Maley’s reference to public safety highlights the main thrust of the association’s argument.

As in its original complaint filed in federal court, the association points to statistics from the Indiana Alcohol and Tobacco Commission that show liquor stores have been cited more time for selling to minors than groceries, pharmacies, and convenience stores combined. The plaintiffs assert that limiting cold beer sales to package stores is not rational because their compliance rate is poor compared to the other retailers.

However, Young found the statistics to be problematic. He said it is “pure speculation” to conclude the other businesses will maintain their compliance rates if they are allowed to sell cold beer. In fact, he points to testimony from Thornton’s, Inc., which noted the retailer has been cited for selling to minors in state’s were cold beer sales are permitted.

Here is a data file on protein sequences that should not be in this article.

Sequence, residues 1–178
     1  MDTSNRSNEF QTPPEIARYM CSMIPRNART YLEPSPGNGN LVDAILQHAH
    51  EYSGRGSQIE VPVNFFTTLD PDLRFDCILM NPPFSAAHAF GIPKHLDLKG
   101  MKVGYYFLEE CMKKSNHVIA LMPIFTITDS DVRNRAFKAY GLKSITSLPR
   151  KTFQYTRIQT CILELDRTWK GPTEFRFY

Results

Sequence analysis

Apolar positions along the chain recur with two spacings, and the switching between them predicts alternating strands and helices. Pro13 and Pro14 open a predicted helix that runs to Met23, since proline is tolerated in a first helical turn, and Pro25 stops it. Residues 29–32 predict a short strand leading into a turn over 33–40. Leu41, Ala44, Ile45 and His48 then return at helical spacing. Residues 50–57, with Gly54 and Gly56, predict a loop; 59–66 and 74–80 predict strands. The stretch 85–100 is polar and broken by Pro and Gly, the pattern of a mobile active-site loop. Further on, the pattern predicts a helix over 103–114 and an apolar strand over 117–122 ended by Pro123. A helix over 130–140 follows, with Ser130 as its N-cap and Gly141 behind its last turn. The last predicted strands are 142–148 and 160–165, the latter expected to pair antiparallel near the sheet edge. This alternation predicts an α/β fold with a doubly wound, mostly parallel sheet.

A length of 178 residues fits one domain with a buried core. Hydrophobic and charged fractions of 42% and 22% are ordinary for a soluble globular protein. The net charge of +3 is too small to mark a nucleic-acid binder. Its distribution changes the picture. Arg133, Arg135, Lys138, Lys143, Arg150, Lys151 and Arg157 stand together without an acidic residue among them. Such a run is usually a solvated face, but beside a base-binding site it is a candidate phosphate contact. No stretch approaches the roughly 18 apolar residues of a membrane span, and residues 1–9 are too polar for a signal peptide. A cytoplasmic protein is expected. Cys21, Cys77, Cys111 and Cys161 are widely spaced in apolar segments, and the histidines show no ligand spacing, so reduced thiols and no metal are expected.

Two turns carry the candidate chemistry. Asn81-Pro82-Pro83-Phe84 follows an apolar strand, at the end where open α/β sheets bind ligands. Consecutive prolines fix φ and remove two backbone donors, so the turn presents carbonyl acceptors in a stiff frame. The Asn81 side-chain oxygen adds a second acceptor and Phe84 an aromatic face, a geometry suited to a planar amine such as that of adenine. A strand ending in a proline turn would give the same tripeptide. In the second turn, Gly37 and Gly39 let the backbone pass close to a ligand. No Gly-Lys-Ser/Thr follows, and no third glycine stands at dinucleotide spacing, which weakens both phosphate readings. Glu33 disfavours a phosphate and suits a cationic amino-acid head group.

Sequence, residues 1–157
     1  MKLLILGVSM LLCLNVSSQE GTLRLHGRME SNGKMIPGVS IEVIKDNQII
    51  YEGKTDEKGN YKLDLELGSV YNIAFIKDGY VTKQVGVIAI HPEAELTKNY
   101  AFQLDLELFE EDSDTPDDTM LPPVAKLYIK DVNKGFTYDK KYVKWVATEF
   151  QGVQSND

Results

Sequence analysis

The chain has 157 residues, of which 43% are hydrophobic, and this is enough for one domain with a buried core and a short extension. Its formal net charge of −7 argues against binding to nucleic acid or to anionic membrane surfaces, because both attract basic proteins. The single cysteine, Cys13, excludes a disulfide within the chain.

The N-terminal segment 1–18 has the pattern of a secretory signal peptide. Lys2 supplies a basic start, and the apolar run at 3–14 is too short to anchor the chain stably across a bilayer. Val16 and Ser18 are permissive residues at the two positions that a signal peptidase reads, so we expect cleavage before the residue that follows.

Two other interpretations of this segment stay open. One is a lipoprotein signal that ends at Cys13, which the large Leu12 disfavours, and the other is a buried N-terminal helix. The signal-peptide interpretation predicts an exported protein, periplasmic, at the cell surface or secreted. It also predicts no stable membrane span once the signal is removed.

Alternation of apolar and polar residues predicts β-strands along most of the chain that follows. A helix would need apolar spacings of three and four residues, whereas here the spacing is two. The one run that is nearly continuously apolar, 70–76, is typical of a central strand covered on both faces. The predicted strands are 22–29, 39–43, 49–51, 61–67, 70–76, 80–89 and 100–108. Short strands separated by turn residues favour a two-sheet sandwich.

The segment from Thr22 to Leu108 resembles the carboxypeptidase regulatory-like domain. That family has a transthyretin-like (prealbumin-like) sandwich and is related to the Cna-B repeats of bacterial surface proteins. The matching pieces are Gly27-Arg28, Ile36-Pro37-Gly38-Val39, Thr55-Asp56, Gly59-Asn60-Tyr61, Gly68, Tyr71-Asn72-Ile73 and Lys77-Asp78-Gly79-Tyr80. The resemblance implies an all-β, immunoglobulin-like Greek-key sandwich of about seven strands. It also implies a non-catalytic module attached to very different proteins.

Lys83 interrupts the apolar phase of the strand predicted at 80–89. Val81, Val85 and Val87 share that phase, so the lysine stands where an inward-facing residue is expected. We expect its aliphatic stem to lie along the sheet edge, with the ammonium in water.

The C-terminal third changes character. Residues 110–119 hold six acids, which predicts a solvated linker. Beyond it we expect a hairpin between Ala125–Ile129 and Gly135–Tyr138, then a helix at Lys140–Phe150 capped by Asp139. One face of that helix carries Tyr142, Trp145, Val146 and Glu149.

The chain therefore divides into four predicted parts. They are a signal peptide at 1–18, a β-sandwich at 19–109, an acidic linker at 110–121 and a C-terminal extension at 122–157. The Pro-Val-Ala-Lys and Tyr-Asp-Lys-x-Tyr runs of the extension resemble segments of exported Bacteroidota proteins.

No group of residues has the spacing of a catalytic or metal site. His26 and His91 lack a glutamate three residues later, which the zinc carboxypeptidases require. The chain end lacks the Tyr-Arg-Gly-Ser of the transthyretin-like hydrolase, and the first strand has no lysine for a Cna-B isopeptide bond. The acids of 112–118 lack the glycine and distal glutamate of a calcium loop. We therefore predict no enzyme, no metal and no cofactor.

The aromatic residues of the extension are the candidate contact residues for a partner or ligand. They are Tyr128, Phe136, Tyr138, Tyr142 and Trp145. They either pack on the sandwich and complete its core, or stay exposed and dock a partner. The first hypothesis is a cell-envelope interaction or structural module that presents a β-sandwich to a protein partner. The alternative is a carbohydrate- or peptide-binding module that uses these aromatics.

Maley and Scot Imus, association executive director, maintained the compliance rate would not fall if the retailers were allowed to put beer in their refrigerators. They argue convenience stores deter underage drinkers because the businesses are well-lit, filled with people and frequented by police. They say clerks will not forget to comply with the law against selling to minors once the beer is cold.

Moreover, they said, the beer would be removed from the shelves and floors, where it is easily seen by children and teenagers, and placed further away in the coolers where it would be less visible and accessible.

“The reason (convenience stores) do better is because of the nature of the industry,” Maley said of the plaintiffs’ compliance rate. “They are responsible sophisticated businesses, not one-off liquor stores that have an incentive to sell that next 12-pack because they need the three bucks profit.”

Early next month, Maley said the plaintiffs will be filing a motion in Marion Superior Court for summary judgment. Also, he said, the effort to get the Legislature to rewrite the state law will continue.